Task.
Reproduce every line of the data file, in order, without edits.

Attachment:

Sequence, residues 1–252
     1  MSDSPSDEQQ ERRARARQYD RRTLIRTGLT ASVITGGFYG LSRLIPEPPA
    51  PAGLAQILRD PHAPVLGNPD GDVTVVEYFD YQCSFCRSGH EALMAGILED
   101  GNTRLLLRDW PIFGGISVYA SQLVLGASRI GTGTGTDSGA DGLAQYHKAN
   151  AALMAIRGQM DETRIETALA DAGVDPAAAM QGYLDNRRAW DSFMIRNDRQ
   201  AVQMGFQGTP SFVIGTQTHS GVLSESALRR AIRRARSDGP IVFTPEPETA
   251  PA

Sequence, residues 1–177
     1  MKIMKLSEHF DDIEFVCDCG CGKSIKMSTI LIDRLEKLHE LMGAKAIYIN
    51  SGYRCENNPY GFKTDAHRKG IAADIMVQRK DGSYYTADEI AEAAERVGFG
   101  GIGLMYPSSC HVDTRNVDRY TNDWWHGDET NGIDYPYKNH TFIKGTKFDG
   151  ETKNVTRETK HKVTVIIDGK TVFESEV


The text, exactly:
Sequence, residues 1–252
     1  MSDSPSDEQQ ERRARARQYD RRTLIRTGLT ASVITGGFYG LSRLIPEPPA
    51  PAGLAQILRD PHAPVLGNPD GDVTVVEYFD YQCSFCRSGH EALMAGILED
   101  GNTRLLLRDW PIFGGISVYA SQLVLGASRI GTGTGTDSGA DGLAQYHKAN
   151  AALMAIRGQM DETRIETALA DAGVDPAAAM QGYLDNRRAW DSFMIRNDRQ
   201  AVQMGFQGTP SFVIGTQTHS GVLSESALRR AIRRARSDGP IVFTPEPETA
   251  PA

Sequence, residues 1–177
     1  MKIMKLSEHF DDIEFVCDCG CGKSIKMSTI LIDRLEKLHE LMGAKAIYIN
    51  SGYRCENNPY GFKTDAHRKG IAADIMVQRK DGSYYTADEI AEAAERVGFG
   101  GIGLMYPSSC HVDTRNVDRY TNDWWHGDET NGIDYPYKNH TFIKGTKFDG
   151  ETKNVTRETK HKVTVIIDGK TVFESEV